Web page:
Protests over education cuts and fraud investigation into MP Dom Sipinovitch continue in Solomon Islands
Solomon Islands public workers have been told to stay at home amid continuing violent protests over education cuts and a fraud investigation into MP Dom Sipinovitch.
At least two people have been injured in Wednesday’s clashes in Honiara, including a policeman who sustained eye injuries and was taken to hospital.
There have been street clashes and damaged buildings and streets around Parliament, which have seen flying objects and rocks thrown at police.
Protesters march in Honiara, Solomon Islands, amid continuing violent protests. Photograph: AAP/via Reuters
At least four people were arrested on Wednesday in an incident at the police station in Wawa, also in Honiara, with about 100 people protesting peacefully there.
Earlier on Wednesday, more than 40 police officers were injured after protesters assaulted them at a swearing-in ceremony for Mr Sipinovitch, the head of the national assembly.
Political leaders blame the police for the violence in which at least five people were injured, while at least 80 police vehicles were damaged.
A school bus was set on fire in Honiara, with 15 teachers on board injured by glass shards. A local news report said some of the bus occupants “were taken to hospital”.
Sipinovitch, who is the MP for Makira and interim finance minister, has been accused of fraud and other questionable financial dealings in the Senate, and by cabinet colleague and deputy prime minister Fred Fono.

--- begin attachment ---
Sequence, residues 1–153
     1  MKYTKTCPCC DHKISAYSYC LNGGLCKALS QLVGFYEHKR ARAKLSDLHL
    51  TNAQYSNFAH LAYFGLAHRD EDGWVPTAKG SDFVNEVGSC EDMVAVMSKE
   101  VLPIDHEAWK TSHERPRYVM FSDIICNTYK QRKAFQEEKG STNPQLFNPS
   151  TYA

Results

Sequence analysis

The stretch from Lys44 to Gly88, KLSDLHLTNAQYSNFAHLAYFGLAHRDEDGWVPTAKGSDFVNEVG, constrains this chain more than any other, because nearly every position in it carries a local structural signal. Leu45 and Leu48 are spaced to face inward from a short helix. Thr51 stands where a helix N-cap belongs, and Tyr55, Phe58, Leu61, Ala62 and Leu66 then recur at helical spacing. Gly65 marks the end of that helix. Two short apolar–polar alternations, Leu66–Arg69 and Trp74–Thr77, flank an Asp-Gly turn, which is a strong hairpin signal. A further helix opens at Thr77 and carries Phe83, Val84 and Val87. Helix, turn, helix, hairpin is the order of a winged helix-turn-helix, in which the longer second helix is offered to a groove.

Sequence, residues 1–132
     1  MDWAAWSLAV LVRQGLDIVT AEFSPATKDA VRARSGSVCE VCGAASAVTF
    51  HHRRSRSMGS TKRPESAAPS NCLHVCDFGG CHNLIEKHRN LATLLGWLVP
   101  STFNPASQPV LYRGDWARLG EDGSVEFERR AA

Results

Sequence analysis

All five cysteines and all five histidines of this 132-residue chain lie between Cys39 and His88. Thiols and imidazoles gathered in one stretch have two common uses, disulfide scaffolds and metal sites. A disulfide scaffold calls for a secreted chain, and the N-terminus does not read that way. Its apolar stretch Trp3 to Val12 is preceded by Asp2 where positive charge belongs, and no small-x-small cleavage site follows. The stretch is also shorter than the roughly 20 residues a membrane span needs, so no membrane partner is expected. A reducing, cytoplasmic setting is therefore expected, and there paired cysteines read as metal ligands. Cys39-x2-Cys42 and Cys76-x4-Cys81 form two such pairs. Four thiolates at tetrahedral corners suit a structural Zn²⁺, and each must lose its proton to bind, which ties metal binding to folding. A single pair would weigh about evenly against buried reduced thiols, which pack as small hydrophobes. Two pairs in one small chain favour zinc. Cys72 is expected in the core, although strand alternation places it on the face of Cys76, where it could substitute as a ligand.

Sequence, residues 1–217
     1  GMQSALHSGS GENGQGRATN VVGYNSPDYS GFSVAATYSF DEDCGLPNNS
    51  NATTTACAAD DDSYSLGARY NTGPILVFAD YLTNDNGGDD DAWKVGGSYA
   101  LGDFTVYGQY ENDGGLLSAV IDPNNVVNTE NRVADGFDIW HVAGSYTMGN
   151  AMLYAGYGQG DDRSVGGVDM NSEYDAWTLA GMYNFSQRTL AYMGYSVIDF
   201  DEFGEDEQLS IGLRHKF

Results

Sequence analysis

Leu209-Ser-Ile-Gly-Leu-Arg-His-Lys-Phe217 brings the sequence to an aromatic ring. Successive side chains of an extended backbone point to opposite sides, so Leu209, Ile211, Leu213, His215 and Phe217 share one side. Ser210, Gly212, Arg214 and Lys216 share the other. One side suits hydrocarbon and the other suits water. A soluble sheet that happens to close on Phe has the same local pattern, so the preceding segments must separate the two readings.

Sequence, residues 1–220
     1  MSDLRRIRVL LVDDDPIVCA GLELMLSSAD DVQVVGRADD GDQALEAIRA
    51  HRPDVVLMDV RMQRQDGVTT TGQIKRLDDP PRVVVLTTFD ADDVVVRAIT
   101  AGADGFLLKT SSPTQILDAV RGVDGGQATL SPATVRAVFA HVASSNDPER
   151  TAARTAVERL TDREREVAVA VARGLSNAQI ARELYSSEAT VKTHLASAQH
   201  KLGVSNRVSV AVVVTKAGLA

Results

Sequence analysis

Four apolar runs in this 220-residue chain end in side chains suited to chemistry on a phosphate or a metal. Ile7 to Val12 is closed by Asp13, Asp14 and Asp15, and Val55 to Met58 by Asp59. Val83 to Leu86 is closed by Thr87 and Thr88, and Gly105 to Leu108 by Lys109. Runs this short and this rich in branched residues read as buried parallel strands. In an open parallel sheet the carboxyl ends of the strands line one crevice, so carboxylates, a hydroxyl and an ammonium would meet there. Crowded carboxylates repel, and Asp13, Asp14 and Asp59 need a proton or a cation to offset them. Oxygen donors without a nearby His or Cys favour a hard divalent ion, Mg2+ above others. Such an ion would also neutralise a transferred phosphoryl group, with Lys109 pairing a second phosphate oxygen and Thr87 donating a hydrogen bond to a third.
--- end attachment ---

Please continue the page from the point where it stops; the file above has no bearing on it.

The department of education in Solomon Islands announced earlier this month that courses offered to students in Honiara would have to be offered via satellite rather than a direct flight to Honiara.
The announcement, which sparked protests in Honiara and its suburbs, followed claims that the education system in Solomon Islands is under-funded.
Protesters in Honiara, Solomon Islands, organise their own event to get Sipinovitch to attend a parliamentary session. Photograph: AAP/via Reuters
The decision to give priority to homestay students rather than boarding students comes after 16-year-old Kelly Maeva refused to move to a boarding school after the 2016 tuition increase to $1,200.
Earlier this year Mr Sipinovitch defended his role as parliament’s sole MP over the claims made by Mr Fono, but was reportedly relieved of his parliamentary duties and ruled out of the opposition benches at Tuesday’s parliamentary sitting.
Fono said on Tuesday he was considering a court challenge to Mr Sipinovitch’s rule at the national parliament.
Mr Sipinovitch’s office declined to comment.